WebFinger is a discovery protocol for the web that uses email address-like identifiers to get info about users; it has been largely superseded on the indieweb by the use of personal web sites and representative h-card.
The name "WebFinger" is based on the unix finger tool.
- Will Norris supports WebFinger on https://willnorris.com
- e.g., https://willnorris.com/.well-known/webfinger?resource=acct:email@example.com
- He has written about how to serve WebFinger static files on nginx: https://willnorris.com/2014/07/webfinger-with-static-files-nginx
- Matthias Pfefferle supports WebFinger on notizblog.org
- e.g., https://client.webfinger.net/lookup?resource=pfefferle%40notizblog.org
- He has developed a plugin for WordPress: https://wordpress.org/plugins/webfinger/
- add yourself...
Use of email address-like IDs
This is widely regarded as a benefit of webfinger (“normal people don’t understand URIs and are more comfortable with email addresses”). Problems with this:
- general problems with email addresses as personal identifiers
- looking like email addresses is great for usability, *until* it turns out that sometimes webfinger IDs aren’t email addresses — opening ambiguity and confusion (is this email address a webfinger ID? Can I send email to this webfinger ID?)
- webfinger IDs are not web addresses — you can’t perform HTTP requests on them
- WebFinger thinking ties us to the widely failed “one-to-many server-to-user” federated social web model, where there is a federation of servers, each with possibly many users on. Taking an indieweb approach where everyone has at best their own domain name, at worst a subdomain, using webfinger becomes tiresome (why firstname.lastname@example.org when tantek.com will do? or worse, email@example.com. Lots of typing)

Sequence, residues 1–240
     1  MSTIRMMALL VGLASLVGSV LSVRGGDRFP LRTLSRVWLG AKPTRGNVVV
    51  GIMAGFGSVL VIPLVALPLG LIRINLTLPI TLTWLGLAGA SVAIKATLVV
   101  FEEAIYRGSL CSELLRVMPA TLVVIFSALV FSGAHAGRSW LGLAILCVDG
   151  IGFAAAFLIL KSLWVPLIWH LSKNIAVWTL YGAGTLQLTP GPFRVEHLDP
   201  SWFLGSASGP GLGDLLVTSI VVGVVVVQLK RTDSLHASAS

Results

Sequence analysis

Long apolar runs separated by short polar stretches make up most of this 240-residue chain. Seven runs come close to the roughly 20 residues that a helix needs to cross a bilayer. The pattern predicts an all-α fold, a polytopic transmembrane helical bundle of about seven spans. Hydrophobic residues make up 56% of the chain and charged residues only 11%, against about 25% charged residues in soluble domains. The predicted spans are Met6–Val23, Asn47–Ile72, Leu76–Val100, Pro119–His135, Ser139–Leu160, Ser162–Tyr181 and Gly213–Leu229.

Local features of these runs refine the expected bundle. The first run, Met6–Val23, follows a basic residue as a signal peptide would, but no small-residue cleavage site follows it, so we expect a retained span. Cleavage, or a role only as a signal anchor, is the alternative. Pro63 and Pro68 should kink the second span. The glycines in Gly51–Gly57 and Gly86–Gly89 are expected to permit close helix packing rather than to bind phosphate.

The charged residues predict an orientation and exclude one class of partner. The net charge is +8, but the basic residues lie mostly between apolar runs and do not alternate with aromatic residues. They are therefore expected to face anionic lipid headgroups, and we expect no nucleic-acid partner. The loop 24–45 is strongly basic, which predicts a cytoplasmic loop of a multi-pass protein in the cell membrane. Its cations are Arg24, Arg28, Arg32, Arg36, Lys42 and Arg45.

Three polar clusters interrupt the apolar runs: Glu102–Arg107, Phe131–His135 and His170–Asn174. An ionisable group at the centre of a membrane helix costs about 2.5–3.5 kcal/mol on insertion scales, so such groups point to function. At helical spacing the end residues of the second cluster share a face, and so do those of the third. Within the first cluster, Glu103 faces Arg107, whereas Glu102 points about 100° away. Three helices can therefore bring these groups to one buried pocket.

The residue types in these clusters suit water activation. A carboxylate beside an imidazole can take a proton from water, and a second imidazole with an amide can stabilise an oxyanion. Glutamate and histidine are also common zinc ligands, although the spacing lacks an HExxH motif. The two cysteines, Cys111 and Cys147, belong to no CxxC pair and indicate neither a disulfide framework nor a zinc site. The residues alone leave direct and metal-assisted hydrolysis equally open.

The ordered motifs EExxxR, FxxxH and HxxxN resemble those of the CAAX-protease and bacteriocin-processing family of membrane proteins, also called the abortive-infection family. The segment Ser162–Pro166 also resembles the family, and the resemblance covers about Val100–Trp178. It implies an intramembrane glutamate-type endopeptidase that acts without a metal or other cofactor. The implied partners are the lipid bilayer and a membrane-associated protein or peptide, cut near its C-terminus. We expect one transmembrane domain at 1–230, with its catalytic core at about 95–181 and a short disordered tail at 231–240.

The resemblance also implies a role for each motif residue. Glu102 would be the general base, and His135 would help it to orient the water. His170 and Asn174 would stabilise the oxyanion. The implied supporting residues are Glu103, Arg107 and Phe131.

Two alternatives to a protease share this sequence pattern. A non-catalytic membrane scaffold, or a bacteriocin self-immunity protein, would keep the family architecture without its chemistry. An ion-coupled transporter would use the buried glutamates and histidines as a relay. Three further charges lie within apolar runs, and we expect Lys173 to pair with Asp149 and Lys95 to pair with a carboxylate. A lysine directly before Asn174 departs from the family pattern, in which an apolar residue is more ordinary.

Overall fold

I never figured out exactly what use this is. Someone else care to explain? --Waterpigs.co.uk 13:45, 10 March 2013 (PDT)
- It is kind of a unique, url aware identifier: <username>@<domain>. But because it looks like an email address, it is prefixed with the acct: (it think for account) protocol. --Matthias Pfefferle
WebFinger relies on DRY-violating XRD files (which within themselves sometimes repeat data due to incompatible implementations) for storing information. Extra, non-human-readable files are extremely likely to not be maintained. Better to store profile data and links in HTML(+microformats) as visible data.
Well Known URLs
Webfinger relies on well-known URLs (namespaced to a certain degree to /.well-known/). Any use of well known URLs limits flexibility, portability etc. HTML links and hypermedia discovery should be utilised instead (if webfinger IDs were webby and could be requested, this would not be necessary!).
Because Webfinger relies on well-known URLs existing on the domain, it is challenging and sometimes not even possible to delegate handling Webfinger queries to an external service.
You could do some clever reverse proxy configuration with Nginx or Apache to serve the .well-known folder from another system, but if you have a traditional shared host or static website, then this isn't possible.